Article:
Bipolar disorder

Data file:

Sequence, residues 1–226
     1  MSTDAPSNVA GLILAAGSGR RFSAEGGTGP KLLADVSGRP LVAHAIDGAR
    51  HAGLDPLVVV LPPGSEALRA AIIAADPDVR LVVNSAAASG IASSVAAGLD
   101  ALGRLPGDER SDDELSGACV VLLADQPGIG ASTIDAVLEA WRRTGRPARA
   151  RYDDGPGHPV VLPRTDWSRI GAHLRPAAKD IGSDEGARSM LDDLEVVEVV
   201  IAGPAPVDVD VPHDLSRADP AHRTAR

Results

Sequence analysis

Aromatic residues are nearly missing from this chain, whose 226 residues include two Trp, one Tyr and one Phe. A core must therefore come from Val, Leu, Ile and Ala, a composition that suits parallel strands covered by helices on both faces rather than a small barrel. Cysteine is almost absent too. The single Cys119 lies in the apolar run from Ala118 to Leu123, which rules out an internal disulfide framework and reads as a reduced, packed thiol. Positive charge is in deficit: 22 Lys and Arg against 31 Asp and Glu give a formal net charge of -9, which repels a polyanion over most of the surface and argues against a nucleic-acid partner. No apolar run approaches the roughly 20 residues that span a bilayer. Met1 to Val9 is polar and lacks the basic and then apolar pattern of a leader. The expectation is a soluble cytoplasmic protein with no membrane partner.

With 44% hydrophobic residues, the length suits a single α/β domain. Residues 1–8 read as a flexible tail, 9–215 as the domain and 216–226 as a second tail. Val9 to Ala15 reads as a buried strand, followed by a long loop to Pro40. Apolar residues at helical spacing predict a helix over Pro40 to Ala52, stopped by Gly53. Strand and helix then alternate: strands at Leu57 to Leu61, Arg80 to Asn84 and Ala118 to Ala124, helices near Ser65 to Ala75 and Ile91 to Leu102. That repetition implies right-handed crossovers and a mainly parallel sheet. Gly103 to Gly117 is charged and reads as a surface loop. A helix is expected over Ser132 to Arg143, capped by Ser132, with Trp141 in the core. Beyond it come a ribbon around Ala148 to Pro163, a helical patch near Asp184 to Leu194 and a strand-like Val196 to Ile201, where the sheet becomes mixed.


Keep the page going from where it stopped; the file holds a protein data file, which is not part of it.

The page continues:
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Bipolar disorder was previously known as mania or manic depressive disorder until around 1980. It was recognized as a disorder sometime around the second century. However, it was not until 1650 when Richard Burton wrote the book, The Anatomy of Melancholia, that put together mania and depression that it was seen as a real problem. Bipolar disorder is characterized by a combination of depression, or feeling low or sad, and mania, which is extreme happiness. It includes mood swings ranging from anger and anxiety to being overly excited. The behavior varies over spans of time. More than four million people in the United States have been diagnosed and include men, women, and children, and 25 percent experience symptoms off and on during their life. Bipolar disorder can be diagnosed and is treatable. It is important to recognize the symptoms and identify the appropriate treatment because of the serious complications associated in absence of treatment. Bipolar disorder can be managed, and those with the disorder can lead productive lives in society. Two types of bipolar disorder, bipolar disorder type I and type II, are most commonly recognized types of the disorder. Bipolar disorder type I usually includes major depression and mania. This is the type most are familiar with when referencing the disorder. Type II differs in that one does not experience as much mania. The exacerbation often is seen with medical problems or drug abuse. When someone has multiple occurrences, it is referred to as rapid cycling. This means that there will be four or more instances within the year when the problem is seen. Type II is most often seen in women. Finally, there are types of bipolar disorder that are not as severe as type I and I... ... middle of paper ... therapy. The more aggressive cases of bipolar disorder may require electroconvulsive therapy or transcranial magnetic stimulation. Hospitalization is associated with these due to potential for significant side effects. Alternatives to medical treatment are available but are not proven holistic in managing bipolar disorder. Maintaining a healthy lifestyle, refraining from alcohol and illegal drug use, and incorporating positive influences and relationships into daily activities are recommended. An exercise program like Yoga might be recommended to help regulate one’s mood and support a healthy sleep schedule. These changes are not specific to bipolar disorder. However, they are recognized as supportive interventions in a successful treatment plan. Massage therapy, herbal supplements, and acupuncture are other options tried when treating bipolar disorder.

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